Scientist urges caution on Md. blue crab recovery

The results are in, 2016 is going to be a good year for blue crabs in the Chesapeake Bay. An iconic figure embedded in the culture and cuisine of the Chesapeake Bay area, the blue crab (Callinectes sapidus) sustains the most profitable fishery in Maryland and supports thousands of fishermen and seafood businesses in Maryland and Virginia. Based on the annual winter survey conducted by the Maryland Department of Natural Resources and the Virginia Institute of Marine Science, there are nearly 35 percent more blue crabs in the Chesapeake Bay this season than there were in 2015. That’s good news, especially on the heels of a 38 percent increase the previous year.

But scientists say there is a cautionary tale in this rapid rise. Twenty seven years earlier, the Chesapeake Bay blue crab fishery was on the brink of collapse, and the population has been on a yo-yo ride ever since. Good years like 2016 inevitably get crabbers and crab-lovers excited by the notion that crabs have recovered and fishing restrictions can be loosened.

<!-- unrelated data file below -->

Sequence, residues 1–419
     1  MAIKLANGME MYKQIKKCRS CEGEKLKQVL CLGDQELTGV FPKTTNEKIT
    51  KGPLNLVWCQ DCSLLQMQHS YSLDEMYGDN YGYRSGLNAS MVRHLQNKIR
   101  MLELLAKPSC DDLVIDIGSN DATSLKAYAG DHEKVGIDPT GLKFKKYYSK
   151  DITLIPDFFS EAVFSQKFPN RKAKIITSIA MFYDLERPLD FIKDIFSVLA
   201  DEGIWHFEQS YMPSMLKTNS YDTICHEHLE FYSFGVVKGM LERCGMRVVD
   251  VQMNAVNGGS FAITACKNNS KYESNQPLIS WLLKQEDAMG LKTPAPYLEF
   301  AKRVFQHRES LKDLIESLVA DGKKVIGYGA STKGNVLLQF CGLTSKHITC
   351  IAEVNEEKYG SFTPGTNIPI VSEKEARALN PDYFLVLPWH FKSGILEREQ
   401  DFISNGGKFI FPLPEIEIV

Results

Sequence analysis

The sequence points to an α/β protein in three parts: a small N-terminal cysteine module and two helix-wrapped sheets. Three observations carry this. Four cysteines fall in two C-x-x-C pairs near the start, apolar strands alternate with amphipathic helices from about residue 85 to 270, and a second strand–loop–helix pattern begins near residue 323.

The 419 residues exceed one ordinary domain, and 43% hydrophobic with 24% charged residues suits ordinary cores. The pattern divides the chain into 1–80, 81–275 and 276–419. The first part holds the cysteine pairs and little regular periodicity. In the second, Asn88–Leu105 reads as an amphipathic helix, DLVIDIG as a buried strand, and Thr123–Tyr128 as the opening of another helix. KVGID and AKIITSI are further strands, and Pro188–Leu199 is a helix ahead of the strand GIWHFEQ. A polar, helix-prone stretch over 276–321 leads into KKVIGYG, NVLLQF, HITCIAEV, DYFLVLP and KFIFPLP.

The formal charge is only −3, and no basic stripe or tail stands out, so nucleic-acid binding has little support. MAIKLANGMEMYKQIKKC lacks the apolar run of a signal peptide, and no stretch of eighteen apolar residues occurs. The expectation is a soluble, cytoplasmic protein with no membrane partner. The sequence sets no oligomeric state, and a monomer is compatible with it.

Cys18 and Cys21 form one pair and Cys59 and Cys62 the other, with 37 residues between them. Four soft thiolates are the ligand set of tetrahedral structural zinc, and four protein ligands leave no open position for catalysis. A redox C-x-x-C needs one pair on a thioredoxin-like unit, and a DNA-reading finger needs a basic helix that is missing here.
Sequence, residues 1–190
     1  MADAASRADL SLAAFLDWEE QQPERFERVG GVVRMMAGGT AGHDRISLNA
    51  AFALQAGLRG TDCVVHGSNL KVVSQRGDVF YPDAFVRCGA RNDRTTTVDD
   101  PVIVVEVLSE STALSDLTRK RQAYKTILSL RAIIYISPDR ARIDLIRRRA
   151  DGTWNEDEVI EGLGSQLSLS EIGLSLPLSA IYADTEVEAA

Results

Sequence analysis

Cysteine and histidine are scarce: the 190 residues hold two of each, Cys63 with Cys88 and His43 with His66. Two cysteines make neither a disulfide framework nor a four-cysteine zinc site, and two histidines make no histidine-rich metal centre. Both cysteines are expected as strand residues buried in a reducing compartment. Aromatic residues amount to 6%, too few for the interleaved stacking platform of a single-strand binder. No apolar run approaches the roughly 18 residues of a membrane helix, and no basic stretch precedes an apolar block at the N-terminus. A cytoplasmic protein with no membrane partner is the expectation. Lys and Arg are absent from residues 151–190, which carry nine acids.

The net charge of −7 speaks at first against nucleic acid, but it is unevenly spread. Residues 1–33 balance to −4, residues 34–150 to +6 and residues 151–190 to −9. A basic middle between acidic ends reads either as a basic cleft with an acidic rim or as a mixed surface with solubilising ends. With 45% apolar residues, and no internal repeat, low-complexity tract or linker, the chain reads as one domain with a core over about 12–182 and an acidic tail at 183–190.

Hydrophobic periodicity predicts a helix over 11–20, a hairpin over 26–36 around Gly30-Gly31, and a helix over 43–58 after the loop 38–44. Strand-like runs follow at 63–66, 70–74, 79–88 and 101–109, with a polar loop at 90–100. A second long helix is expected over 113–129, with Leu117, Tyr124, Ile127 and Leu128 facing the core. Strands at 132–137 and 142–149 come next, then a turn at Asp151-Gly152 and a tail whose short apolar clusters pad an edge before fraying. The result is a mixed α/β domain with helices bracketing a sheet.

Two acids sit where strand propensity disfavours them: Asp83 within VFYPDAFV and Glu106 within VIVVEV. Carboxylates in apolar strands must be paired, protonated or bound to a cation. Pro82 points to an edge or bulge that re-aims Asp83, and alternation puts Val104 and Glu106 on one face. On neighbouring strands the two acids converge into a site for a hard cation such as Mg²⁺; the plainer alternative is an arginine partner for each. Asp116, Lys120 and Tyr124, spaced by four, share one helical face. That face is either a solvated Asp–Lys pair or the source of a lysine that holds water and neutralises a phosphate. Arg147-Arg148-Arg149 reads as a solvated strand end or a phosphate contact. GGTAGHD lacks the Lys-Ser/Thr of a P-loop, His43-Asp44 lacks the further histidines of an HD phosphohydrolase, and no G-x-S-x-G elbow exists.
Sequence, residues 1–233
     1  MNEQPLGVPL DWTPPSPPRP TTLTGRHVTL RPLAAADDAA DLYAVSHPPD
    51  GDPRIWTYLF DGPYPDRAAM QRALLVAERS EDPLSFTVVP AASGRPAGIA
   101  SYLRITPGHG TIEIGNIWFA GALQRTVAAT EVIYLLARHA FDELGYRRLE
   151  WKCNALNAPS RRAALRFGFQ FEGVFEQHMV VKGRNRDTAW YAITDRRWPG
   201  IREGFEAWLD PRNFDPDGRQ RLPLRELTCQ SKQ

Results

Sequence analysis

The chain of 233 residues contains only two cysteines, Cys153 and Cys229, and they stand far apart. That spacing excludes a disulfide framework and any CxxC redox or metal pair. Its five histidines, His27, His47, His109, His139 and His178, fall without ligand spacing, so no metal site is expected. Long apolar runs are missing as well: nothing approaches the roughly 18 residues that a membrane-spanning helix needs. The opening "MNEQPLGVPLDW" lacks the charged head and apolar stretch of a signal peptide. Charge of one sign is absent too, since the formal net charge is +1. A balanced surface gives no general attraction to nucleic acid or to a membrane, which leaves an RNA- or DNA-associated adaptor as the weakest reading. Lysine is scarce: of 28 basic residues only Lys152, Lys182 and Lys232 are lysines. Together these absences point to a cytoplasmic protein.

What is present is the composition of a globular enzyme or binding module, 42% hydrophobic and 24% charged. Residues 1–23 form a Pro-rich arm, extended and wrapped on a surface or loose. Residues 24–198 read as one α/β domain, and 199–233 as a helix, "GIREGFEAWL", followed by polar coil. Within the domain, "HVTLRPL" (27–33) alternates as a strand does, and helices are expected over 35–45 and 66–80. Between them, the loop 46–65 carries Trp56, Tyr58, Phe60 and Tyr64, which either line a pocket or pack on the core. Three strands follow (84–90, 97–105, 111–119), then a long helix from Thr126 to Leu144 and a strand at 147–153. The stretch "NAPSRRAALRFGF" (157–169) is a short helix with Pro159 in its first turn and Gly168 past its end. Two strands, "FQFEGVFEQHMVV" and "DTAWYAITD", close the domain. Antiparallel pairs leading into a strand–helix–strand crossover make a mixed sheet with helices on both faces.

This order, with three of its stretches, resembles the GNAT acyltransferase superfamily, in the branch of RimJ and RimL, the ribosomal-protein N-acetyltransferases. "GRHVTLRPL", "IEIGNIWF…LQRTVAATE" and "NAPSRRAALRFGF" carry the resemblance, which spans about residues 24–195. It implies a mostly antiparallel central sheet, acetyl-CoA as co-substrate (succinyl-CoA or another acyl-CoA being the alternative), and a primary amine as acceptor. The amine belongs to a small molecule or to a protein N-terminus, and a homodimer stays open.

“I wouldn’t recommend that,” says Anson Hines, an expert in blue carb ecology and the director of the Smithsonian Environmental Research Center in Edgewater, Md. According to Hines, it’s not time to claim victory, recovery is still over the horizon. “Everybody has been working very hard to help the blue crab population recover. It’s up and that’s good news, but it’s a population that fluctuates a lot intrinsically, and it’s been at very low levels for a good period of time.”

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About the author

Ashley Herriman

Ashley Herriman is the online editor for National Fisherman.

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